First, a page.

Edge of the Cedars State Park Museum in Blanding is an archaeological site, repository and museum located on the site of a prehistoric agriculture village. Occupied between 700 A.D. and 1200 A.D., the area has been home to various ancient cultures, including Ancestral Puebloans/Anasazi, Navajo, and Utes. The Edge of the Cedars museum houses the largest collection of Ancestral Puebloan pottery and relics in southeastern Utah, including an excavated and restored kiva. The ancient ceremonial room, which can be entered and explored, provides an excellent perspective of Anasazi architecture and lifestyle. The museum offers guided tours of the restored dwellings, archaeological exhibits, two exhibit halls, an auditorium, a gift shop, and an interpretive nature trail.
Emphasis is placed on ancestral Puebloan life in this southeastern Utah archaeological repository, park, and museum. Listed on both the National and State Registers of Historic Places. Indoor displays include Puebloan pottery, basketry, tools, and jewelry. Outside, petroglyph figures are prominent in the garden.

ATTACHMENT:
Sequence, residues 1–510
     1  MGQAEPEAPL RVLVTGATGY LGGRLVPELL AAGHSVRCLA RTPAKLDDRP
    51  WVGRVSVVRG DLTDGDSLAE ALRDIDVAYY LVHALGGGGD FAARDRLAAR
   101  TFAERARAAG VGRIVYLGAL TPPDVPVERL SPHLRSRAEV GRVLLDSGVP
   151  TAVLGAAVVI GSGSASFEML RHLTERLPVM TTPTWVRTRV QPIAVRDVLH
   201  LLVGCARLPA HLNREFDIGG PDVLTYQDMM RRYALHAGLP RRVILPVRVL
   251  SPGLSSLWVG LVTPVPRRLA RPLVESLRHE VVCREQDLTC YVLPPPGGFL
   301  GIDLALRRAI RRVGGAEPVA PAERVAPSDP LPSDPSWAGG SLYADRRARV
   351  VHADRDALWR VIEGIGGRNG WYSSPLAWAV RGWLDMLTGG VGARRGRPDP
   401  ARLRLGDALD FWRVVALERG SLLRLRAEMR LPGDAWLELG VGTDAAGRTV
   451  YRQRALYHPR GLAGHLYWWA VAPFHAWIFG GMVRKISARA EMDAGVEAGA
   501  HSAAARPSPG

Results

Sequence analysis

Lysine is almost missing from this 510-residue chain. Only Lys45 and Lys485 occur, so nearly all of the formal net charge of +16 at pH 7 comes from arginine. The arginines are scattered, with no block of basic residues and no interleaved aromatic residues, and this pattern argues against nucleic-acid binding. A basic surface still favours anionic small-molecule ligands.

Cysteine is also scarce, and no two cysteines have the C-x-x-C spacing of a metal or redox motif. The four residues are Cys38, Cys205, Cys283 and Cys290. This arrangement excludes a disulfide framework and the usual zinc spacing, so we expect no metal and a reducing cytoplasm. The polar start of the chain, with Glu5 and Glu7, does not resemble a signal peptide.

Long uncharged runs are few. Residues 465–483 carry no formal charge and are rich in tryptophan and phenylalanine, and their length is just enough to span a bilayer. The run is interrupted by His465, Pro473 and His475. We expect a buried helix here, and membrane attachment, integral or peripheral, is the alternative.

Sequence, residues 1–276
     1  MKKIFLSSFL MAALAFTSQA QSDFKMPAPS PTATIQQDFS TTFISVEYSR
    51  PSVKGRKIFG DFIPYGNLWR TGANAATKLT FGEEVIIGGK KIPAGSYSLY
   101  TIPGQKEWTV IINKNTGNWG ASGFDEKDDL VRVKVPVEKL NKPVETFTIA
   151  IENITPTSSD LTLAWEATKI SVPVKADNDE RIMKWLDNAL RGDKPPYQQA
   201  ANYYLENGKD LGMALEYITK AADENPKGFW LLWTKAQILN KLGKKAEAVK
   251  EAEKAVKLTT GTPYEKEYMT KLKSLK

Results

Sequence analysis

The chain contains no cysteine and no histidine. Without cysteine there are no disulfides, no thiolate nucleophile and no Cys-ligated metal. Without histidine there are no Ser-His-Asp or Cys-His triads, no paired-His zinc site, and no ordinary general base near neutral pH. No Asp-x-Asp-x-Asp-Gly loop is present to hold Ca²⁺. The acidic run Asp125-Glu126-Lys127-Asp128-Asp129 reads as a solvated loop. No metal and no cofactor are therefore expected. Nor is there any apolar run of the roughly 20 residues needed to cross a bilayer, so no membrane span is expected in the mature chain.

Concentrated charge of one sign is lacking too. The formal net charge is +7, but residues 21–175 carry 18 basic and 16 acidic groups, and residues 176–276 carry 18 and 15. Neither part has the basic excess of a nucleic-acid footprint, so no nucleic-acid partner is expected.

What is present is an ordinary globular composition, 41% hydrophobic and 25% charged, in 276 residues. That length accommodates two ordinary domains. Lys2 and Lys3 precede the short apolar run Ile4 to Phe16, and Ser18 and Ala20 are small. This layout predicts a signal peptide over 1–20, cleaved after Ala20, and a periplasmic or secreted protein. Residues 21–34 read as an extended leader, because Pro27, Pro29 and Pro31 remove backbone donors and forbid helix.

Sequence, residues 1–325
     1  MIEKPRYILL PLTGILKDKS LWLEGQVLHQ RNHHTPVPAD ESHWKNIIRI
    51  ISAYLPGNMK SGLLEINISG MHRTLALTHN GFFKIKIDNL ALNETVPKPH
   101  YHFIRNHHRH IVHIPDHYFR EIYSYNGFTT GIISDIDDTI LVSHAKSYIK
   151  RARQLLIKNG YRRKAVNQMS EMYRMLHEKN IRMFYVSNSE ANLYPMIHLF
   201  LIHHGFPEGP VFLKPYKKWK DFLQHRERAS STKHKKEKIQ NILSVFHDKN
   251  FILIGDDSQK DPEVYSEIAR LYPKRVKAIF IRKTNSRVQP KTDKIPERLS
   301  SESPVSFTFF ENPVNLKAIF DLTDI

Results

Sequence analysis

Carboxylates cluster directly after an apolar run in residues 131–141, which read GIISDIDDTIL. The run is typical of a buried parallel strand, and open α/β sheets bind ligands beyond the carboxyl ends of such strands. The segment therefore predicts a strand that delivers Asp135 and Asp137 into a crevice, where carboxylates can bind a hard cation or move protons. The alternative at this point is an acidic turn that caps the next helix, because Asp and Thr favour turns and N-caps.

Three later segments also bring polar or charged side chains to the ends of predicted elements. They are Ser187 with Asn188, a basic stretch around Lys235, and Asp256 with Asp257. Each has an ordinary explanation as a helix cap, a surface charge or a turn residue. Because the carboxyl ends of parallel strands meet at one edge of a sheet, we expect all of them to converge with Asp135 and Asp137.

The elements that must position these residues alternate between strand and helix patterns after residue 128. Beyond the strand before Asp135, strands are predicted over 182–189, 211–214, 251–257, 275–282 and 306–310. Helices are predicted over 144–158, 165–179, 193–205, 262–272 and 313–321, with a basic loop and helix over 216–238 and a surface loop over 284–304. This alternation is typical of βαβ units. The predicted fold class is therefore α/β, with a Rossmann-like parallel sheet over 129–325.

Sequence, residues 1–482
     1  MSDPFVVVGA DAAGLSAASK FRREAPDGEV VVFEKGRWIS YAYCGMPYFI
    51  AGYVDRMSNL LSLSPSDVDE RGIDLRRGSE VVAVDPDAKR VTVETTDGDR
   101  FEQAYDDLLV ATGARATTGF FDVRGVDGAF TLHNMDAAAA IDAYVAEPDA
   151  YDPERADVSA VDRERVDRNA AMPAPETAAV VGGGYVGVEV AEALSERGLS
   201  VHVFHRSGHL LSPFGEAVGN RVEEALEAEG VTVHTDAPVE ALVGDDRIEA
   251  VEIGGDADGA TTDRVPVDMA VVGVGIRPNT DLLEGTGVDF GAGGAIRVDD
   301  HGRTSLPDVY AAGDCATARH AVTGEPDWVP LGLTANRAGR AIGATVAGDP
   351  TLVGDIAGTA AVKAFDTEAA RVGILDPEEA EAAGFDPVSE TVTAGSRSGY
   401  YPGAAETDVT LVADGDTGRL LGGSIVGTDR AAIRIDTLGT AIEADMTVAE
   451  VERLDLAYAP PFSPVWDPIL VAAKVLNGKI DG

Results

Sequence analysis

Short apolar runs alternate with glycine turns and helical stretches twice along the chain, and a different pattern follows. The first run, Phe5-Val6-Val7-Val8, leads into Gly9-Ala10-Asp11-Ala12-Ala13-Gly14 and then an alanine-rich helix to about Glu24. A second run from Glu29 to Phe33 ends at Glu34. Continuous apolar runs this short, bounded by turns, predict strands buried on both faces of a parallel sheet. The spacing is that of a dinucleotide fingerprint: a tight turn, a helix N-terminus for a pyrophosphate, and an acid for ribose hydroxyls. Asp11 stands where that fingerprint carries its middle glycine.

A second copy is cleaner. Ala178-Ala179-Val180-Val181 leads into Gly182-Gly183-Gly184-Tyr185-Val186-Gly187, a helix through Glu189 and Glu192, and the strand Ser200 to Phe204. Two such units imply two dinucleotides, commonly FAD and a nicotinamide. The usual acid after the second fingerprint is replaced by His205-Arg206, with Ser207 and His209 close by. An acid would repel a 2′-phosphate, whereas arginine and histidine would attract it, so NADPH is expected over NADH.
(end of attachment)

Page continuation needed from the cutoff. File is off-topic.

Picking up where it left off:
The ruin of a village occupied from AD 750 - AD 1220 is open to visitors. Of particular note are the Horse Rock Ruin basketry collection, a Macaw feather sash, and a loom dating from the middle of the first millennium; all of which were discovered in San Juan County. Public programs. No camping. Gift shop. Picnicking.
Monday-Saturday, 9 a.m-5 p.m; Closed Sunday
April through October:
Monday-Saturday, 9 a.m-5 p.m; Sunday, Noon-4 p.m.
November through February:
Monday-Saturday Noon-5 p.m.; Closed Sunday.
Thanksgiving, Christmas, New Year's Day